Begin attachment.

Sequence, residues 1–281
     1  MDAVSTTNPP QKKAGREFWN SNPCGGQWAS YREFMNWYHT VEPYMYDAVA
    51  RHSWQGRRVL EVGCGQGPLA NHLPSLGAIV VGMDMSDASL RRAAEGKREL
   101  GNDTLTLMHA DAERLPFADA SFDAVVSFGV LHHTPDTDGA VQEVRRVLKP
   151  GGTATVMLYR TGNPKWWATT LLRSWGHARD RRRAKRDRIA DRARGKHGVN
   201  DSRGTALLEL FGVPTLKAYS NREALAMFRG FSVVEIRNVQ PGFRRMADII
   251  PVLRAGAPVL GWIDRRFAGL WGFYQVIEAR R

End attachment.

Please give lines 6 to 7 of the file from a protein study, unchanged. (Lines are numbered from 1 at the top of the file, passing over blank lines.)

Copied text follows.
   201  DSRGTALLEL FGVPTLKAYS NREALAMFRG FSVVEIRNVQ PGFRRMADII
   251  PVLRAGAPVL GWIDRRFAGL WGFYQVIEAR R